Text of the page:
EL researchers Fred Proctor and Evan Wallace contributed to the Smart Manufacturing Leadership Coalition (SMLC) meeting held on October 20 in Minneapolis, MN to discuss performance measures for smart manufacturing. Participants included representatives from the discrete, process, and batch industries, with agreement among the group on some central issues. Data collection is no longer the problem – with one participant reporting collecting more than 50 million data points a day. The main problem is in understanding the data in order to make good decisions in real-time. Optimization of steady-state activities is now routine. Most of the potential cost savings expected from optimization are found in startup, change-over, and shutdown activities that are occurring more frequently in agile production plants. The American Institute of Chemical Engineers (AIChE) presented work from their Institute for Sustainability on performance metrics: what to evaluate, what are the metrics, and how to validate the metrics. Of the roughly hundreds or thousands of metrics, the group was most concerned with determining which six to eight metrics are most important. Two pilot projects were planned to investigate different performance measures for sustainability; one for a methane reforming plant that produces hydrogen and another for a defense facility that manufactures artillery shells. These pilots will soon be underway, accelerated if possible by funding that may come from proposals to DOE and DARPA. Participants of the EL Smart Manufacturing and Construction Systems (SMCS) program plan to contribute to these pilots regardless of the proposal outcomes and will be engaging technology providers so that commercial software will be produced at the conclusion. The NIST involvement would focus on development of tests that show the effectiveness of candidate performance metrics.
Contact: Fred Proctor, (301) 975-3425
EL post-doctoral researcher April Cooke presented an invited talk titled "Material Property Characterization of Parts Made with a Metal-Based Additive Manufacturing Process" at the Materials Science and Technology 2011 Conference and Exhibition, held in Columbus, OH, during the week of October 17. The talk gave an introduction to additive manufacturing, highlighted the demonstration of ultrasonic nondestructive evaluation as a viable means of attaining material property information of additively produced parts, and outlined the new projects within the additive manufacturing thrust of the EL Smart Manufacturing Processes and Equipment (SMPE) program. The conference was sponsored by the American Ceramic Society (ACerS), the Association for Iron & Steel Technology (AIST), the Materials Information Society (AMS), the Minerals, Metals & Materials Society (TMS), and the Corrosion Society (NACE). The wide-ranging technical program spanned materials-related topics that encompassed fundamental research, technological innovations and solutions, and education, across a diverse set of domains and applications. The conference track on "Additive Manufacturing (AM) of Metals" consisted of 47 presentations and was positioned within the high-level topic on "Processing and Product Manufacturing." This event marked the first dedicated AM symposium associated with a major international conference. April's presentation was given during a related conference track (under the same high-level topic area) titled "Laser Applications in Materials Technology" in the session on "Mechanical Properties of Additive Manufactured Materials and Components." April's talk was well-received and numerous contacts were made for future collaborations.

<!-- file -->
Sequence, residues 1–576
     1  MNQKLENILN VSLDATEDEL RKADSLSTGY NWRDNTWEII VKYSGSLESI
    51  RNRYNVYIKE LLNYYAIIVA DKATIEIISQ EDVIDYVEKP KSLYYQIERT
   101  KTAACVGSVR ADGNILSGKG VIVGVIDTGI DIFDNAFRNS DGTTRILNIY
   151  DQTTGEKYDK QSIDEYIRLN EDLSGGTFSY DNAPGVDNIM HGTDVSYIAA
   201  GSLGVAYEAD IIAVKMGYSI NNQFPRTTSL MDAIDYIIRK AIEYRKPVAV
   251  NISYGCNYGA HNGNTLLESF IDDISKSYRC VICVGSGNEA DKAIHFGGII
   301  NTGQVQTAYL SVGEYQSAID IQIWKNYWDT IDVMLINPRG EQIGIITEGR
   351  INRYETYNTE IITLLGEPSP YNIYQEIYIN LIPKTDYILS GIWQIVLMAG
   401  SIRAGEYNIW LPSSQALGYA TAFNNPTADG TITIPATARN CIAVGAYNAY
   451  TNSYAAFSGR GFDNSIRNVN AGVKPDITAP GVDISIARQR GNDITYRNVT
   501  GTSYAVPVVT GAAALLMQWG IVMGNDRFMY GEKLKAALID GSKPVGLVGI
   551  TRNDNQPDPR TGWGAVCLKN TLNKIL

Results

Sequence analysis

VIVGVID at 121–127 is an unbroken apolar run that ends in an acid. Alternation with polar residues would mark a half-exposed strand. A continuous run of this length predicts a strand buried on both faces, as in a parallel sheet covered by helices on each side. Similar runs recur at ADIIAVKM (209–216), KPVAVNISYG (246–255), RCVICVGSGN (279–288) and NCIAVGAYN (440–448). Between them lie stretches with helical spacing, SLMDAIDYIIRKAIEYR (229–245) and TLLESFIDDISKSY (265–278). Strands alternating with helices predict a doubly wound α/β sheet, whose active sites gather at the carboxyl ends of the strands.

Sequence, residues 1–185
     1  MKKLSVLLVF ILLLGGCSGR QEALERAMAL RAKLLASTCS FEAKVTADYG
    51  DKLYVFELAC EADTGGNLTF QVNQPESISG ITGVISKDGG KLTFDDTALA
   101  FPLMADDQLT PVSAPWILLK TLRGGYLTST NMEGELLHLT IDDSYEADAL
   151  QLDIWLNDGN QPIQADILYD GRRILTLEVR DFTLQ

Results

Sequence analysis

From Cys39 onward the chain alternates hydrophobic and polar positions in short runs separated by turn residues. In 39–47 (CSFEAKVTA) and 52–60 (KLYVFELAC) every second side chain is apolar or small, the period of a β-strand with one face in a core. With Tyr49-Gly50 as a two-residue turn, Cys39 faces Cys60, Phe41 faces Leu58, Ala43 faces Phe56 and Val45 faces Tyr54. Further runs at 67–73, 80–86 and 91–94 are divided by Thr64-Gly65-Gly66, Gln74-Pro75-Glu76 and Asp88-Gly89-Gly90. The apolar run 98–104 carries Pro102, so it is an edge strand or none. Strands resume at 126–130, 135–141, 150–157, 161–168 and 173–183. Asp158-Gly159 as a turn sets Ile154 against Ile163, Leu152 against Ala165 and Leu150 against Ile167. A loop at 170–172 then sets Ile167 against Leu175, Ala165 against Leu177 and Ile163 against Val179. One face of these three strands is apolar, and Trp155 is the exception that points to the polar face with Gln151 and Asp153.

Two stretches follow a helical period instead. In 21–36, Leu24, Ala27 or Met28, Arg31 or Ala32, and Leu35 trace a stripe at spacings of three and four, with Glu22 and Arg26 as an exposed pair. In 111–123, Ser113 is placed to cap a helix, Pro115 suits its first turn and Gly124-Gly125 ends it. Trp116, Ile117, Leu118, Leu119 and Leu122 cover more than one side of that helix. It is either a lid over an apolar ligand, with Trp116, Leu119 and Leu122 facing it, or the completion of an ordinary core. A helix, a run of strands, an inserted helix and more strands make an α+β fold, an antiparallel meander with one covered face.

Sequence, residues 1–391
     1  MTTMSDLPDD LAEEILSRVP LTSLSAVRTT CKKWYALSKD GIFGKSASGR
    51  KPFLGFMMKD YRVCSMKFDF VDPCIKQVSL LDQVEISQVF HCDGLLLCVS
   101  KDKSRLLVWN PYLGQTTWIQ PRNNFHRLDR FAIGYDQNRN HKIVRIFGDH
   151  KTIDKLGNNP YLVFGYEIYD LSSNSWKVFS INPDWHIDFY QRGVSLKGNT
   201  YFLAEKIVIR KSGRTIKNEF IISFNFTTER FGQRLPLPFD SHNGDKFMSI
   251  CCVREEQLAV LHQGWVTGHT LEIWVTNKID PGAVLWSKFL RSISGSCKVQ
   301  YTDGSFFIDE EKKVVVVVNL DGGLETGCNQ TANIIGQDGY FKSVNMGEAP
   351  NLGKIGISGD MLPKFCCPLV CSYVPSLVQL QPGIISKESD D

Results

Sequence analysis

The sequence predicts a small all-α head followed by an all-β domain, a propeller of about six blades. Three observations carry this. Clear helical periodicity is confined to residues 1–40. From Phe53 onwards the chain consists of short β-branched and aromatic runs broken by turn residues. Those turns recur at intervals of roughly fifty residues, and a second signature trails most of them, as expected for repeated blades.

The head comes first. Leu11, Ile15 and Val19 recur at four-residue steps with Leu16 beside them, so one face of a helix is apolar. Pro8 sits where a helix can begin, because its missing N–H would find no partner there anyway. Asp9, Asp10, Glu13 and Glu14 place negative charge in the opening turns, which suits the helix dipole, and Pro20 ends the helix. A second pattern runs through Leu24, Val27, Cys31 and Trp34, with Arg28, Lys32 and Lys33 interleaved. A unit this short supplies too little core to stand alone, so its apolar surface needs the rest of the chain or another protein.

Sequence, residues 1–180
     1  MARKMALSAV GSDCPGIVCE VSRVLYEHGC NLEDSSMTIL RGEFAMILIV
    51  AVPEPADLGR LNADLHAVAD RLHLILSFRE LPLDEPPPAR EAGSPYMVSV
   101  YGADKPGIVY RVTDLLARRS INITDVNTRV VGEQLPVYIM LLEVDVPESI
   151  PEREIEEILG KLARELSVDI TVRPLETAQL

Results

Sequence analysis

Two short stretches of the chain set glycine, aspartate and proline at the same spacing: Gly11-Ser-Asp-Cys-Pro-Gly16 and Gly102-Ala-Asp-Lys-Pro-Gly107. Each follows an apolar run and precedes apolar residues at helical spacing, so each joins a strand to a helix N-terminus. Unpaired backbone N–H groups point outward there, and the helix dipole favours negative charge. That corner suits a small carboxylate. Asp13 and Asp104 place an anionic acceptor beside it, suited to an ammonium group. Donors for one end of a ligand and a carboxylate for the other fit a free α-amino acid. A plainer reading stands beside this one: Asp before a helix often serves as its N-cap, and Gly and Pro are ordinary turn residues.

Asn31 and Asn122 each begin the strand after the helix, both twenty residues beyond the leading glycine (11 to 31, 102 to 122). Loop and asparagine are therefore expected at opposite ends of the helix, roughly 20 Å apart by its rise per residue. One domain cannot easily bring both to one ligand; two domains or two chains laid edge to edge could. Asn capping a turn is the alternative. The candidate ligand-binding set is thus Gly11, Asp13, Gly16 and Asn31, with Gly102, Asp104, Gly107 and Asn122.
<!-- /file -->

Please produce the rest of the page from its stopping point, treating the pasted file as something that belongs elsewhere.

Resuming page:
Contact: April Cooke, (301) 975-3850
A major upgrade to the Systems Modeling Language (SysML) for system modularization passed the primary hurdles to adoption at the Object Management Group, led by Conrad Bock of the Engineering Laboratory. The upgrade addresses manufacturing industry requirements for defining reusable system components and component interconnections, to simplify the design of complex systems. Bock developed and presented modifications to SysML, led discussions for agreement, and prepared ballots for approval of the SysML Revision Task force, which included representatives of Deere & Company, Lockheed Martin, Raytheon, AirBus, International Council on Systems Engineering, U.S. National Aeronautics and Space Administration, IBM, MathWorks, and other SysML/UML vendors.
Contact: Conrad Bock, 301-975-3818